Step By Step Process Of Cleaning Exterior Wood Before Staining
Prep is one of the most essential parts when you are looking to stain a wooden surface. If your preparation is not diligent and effective, then it is highly possible that your refinished product is up against obstacles including dust, wax, existing stain, or deformities in the wood surface. Therefore, it is extremely important that your wood surface is clean before you move on to staining your wood.
Step 1: Strip Paint Layers
If your wood surface is having any paint residue & you want to stain it, then you need to use a paint stripping agent in order to loosen paint on the wood. It will soak in as well as a bubble & you will hold out against all temptation to scratch at it as long as it is fully ready to be removed, before using a paint scraper to peel it away from the wood surface. Wipe & clean the area with the help of a clean cloth. If still there is a small amount of paint remaining, then don't worry it will, in all probability, come off when you sand the area. Getting rid of paint from a hardwood surface is a satisfying experience, however, it is also essential due to the reason that you can’t stain the wood if there are any bits of paint covering the grain.
Step 2: Use Wax Removers
Wax is used on the majority of the wood surfaces, generally as a furniture polish, or a heavier duty floor wax. Formal “wax removers” or “polish removers” can be used to get rid of the wax, however, you can also opt to use mineral spirits when it comes to loosening wax. After you apply mineral spirits, entirely dependent on the condition of the wax, you may be able to remove it by wiping it away using a clean, dry cloth. You can also use an agitating scrubber but be extra cautious, due to the reason that it could damage the underlying wood grain. Elbow grease with the help of a cotton rag is safer as well as more effective when it comes to getting rid of wax layers from wood.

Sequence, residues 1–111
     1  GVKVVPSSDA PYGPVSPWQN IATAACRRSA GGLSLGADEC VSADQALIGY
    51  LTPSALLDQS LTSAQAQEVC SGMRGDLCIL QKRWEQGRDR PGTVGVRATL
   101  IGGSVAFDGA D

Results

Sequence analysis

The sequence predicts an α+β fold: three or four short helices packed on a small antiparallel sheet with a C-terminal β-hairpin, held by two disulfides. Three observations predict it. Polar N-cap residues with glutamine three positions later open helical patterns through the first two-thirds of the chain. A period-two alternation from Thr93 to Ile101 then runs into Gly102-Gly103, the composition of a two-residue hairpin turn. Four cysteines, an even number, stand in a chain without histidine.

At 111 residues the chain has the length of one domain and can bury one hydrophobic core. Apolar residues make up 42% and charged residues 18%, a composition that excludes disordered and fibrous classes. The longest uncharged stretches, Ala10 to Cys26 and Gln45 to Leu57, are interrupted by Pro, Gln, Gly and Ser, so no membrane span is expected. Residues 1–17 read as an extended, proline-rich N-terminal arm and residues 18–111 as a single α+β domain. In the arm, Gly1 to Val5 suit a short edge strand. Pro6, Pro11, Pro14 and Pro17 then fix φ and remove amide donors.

Step 3: Sand The Surface
- Power Sanding: With the help of a palm sander or a random orbital sander, you can quickly strip away imperfections as well as preceding layers of stain in order to reveal the underlying natural wood. Work expeditiously & productively by starting using coarse sandpaper in the 60-100 grit range and slowly switch to finer sandpapers rated closer to 150 grit.
- Sanding By Hand: Sanding a wood surface using your hand is another option. If your wood surface doesn’t need the force of an electric tool, then you can use several degrees of coarse sandpaper when it comes to getting rid of stubborn spots and existing stains. After that, proceed towards fine sandpapers to counterbalance & level the wood surface so that it is taken back to its fully raw, natural wood state. When refinishing a fine wood piece, use fine-grit sandpapers (200+ grit) and flattening out any rough edges to the wood so that it feels as well as looks uniform. Finishing using very fine sandpaper by hand is perfect regardless of using a sanding machine or prepped the wood by hand.
Step 4: Tack On
Finally, before you stain, using tack cloths is one of the best options in order to clean the dust off the prepped wood surface completely. Tack cloth is a filter-like piece of fabric that is coated in a layer of sticky adhesive. The “tacky” finish of the cloth is used when you are looking to capture every final bit of dust that might stay on the surface of your wooden piece. It is an essential last step to the sanding as well as preparation process, which can leave the dust in random nooks and crannies of the wood easily. Getting rid of scattered pieces of rubbish or remains will help in even stain saturation, which in turn results in a flawless stained finish. Now, your exterior wood surface is ready to add stain.